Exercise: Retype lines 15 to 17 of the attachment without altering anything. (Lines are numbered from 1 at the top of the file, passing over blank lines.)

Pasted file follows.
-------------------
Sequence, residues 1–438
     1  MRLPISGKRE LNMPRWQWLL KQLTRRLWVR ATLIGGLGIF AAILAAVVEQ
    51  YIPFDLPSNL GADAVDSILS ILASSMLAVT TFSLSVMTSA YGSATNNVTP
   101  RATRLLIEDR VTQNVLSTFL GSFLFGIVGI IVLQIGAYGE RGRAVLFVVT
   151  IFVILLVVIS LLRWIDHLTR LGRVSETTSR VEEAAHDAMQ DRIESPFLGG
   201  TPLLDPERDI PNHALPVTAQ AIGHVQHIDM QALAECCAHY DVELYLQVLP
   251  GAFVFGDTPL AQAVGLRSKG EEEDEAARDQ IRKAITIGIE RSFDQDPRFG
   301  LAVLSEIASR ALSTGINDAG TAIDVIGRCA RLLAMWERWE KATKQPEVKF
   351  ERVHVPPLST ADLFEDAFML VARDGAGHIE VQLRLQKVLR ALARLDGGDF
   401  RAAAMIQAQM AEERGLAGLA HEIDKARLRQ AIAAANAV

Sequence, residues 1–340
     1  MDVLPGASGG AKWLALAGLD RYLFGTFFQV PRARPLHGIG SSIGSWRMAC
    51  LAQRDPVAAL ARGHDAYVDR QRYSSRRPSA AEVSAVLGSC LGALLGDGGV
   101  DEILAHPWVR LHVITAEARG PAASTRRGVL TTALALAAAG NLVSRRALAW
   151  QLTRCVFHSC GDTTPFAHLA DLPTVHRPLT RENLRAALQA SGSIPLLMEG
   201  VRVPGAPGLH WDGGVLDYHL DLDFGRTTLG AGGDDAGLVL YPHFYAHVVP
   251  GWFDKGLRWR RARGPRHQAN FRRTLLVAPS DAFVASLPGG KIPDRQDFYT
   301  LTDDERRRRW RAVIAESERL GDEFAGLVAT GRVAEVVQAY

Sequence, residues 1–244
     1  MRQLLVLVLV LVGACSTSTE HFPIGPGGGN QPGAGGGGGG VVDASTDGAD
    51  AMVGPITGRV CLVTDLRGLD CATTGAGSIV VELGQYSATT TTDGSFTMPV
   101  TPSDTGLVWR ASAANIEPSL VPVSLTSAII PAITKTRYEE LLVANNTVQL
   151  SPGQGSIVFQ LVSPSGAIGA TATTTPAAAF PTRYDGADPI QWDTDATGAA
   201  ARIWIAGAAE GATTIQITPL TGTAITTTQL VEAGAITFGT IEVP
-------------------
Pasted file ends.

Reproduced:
   151  QLTRCVFHSC GDTTPFAHLA DLPTVHRPLT RENLRAALQA SGSIPLLMEG
   201  VRVPGAPGLH WDGGVLDYHL DLDFGRTTLG AGGDDAGLVL YPHFYAHVVP
   251  GWFDKGLRWR RARGPRHQAN FRRTLLVAPS DAFVASLPGG KIPDRQDFYT